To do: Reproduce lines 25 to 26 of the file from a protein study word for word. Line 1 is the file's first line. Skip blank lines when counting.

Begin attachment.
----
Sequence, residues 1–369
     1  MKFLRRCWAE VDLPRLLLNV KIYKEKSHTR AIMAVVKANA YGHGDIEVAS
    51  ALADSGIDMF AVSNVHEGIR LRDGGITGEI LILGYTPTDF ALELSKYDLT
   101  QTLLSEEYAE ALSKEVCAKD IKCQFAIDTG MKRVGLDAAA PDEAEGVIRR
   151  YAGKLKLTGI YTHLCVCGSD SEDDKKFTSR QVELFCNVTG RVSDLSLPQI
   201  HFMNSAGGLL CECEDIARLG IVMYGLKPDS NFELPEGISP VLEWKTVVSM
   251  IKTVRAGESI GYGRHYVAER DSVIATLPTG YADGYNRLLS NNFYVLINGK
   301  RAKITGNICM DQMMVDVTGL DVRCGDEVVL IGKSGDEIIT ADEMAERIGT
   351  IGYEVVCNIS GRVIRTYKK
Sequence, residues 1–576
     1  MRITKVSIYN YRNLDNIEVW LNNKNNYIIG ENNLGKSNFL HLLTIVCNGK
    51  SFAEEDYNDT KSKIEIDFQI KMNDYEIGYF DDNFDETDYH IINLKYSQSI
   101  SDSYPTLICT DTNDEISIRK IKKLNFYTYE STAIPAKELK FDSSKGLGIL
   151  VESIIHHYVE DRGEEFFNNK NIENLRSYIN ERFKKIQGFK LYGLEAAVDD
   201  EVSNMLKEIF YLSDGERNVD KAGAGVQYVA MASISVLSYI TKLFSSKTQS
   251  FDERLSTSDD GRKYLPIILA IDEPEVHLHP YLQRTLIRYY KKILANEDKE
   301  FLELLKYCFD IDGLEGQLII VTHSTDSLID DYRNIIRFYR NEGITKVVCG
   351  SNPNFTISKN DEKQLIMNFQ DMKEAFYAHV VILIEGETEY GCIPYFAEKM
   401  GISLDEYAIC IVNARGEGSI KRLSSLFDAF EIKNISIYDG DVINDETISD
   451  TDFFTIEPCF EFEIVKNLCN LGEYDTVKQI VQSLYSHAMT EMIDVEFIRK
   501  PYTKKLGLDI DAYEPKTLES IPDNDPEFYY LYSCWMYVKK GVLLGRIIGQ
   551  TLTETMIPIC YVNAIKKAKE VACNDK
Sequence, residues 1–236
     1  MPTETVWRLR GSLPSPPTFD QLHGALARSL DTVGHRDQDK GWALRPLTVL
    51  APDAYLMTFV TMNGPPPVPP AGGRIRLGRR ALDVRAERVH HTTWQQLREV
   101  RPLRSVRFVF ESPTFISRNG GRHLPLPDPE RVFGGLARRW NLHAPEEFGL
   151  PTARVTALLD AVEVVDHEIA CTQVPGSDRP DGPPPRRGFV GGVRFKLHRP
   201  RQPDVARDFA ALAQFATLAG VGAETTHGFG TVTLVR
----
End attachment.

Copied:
    51  APDAYLMTFV TMNGPPPVPP AGGRIRLGRR ALDVRAERVH HTTWQQLREV
   101  RPLRSVRFVF ESPTFISRNG GRHLPLPDPE RVFGGLARRW NLHAPEEFGL